Can we play darts on Shabbat? (Additional information requested – the darts are classic ones that pierce the board’s surface; the board hangs loosely from a nail in the wall; in between uses, the darts often stay on the board.) Answer:
There are several possible problems to resolve before we can permit this.
Tofer (sewing) – It is forbidden to attach two objects or two parts of an object to each other by stitching or the equivalent (see Mishna Berura 340:27). One can claim that connecting darts to the board is considered tofer. A full violation requires at least two stitches (Shabbat 73a) and here every dart is connected in only one place, but it could still be a Rabbinic prohibition. On the other hand, certain types of connections are permitted because they are for temporary opening/closing, e.g., buttons, zippers (Orchot Shabbat 11:7-8). One can argue that likewise the nature of the darts game is to connect them just long enough to see how many you placed where. Regarding the very similar case of using one thumbtack to attach a note to a bulletin board, Piskei Teshuvot (313:(157)) distinguishes between setups based on how long they are likely to stay pinned. In this case, the game would not be a problem, but leaving the darts on the board or removing them when starting to play could be. However, it is not clear that this is so for a flimsy, single connection. Also, the fact that the dart is not connecting two things but connecting itself flimsily may preclude it from being tofer (Orchot Shabbat 11:(14)).
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Boneh (Building) – 1) The dart being attached to the board changes the board. However, having darts in the board in no way improves the board; it is just a fleeting situation of the game or a meaningless one during storage. Furthermore, since the dart board is only hanging from a nail and not itself attached to the wall, we are dealing with the more lenient matter of building utensils. Therefore, if one connects them lightly (e.g., a dart in its board), and especially if it is by nature a weak connection, this is not a violation of building a utensil (Shulchan Aruch, Orach Chayim 313:6).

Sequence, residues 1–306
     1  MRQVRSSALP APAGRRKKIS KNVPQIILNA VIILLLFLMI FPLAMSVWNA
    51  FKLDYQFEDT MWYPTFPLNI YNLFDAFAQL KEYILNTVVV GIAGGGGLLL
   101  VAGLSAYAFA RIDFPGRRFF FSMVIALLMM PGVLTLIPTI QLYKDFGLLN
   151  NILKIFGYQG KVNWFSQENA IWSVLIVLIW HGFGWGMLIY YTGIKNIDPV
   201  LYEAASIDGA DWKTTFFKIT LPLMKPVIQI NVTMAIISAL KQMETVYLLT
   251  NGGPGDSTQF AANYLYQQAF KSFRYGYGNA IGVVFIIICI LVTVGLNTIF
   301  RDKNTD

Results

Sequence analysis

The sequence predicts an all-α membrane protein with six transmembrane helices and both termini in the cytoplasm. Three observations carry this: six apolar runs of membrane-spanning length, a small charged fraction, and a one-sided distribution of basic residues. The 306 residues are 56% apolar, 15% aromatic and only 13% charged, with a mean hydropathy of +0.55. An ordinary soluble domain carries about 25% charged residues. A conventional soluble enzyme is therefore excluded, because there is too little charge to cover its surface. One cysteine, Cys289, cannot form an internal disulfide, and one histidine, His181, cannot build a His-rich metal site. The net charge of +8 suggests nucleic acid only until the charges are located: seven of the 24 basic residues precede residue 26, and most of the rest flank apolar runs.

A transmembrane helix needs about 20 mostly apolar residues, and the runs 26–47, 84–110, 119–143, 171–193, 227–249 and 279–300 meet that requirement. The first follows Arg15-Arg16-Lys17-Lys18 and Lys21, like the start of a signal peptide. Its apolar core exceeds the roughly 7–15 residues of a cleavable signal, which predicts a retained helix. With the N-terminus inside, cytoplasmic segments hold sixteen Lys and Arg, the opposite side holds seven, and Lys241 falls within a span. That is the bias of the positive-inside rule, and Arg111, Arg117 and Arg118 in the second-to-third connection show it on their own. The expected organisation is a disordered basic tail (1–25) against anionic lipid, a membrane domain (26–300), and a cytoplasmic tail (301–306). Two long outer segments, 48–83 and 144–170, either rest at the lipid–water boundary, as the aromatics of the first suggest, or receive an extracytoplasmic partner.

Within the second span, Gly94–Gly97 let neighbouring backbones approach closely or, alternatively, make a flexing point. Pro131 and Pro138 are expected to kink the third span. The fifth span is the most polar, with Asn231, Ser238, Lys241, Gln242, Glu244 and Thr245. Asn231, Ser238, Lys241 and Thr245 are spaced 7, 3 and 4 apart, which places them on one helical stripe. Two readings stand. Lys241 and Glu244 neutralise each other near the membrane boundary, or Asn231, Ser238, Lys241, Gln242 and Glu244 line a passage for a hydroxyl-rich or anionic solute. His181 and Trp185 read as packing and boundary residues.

2) It is forbidden to attach a nail to a structure (Shabbat 103a). This applies not just to a building/something attached to the ground, but even to a movable object (Mishna Berura 314:8). However, the K’tzot Hashulchan (119:(4)) says that if one attaches something not to use there but just for it to remain until it is removed later, it is permitted. One can prove that connecting one object to another just to hold the former for later use elsewhere is not intrinsically forbidden, from the gemara (Shabbat 50b) that one may return firmly to a wall a knife that had been held there previously.
Making or expanding a hole – It is forbidden to make or widen a hole in an object such as a barrel (Shulchan Aruch, OC 314:1). In playing darts, every successful throw makes a small hole in the board. However, the prohibition is when the hole is the type that is or could be useful (see Mishna Berura ad loc. 8). In this case, though, the holes are incidental and unhelpful.
Destroying – Holes created hasten making the board usable. Destroying utensils except flimsy ones to remove their contents on Shabbat is forbidden Rabbinically (Shulchan Aruch ibid. and Mishna Berura ad loc. 7). Yet, piercing a cork with a cork screw is permitted (Mishna Berura 314:17; Shemirat Shabbat K’hilchata 9:20). The cork’s hole is neither a problem of being constructive or destructive and, practically, each hole the dart makes in the board is even less significant. Forbidding it because continuous dart throwing will eventually wear out the board is like forbidding walking in shoes because they will eventually get worn out. We also find that it is permitted to make a hole in a piece of paper (Mishna Berura 323:20), with the possible exception of when the hole is made in a place that communicates information (see Magen Avraham 323:5).
In all, you can play darts; you might want, as a chumra, to avoid storing the darts on the board.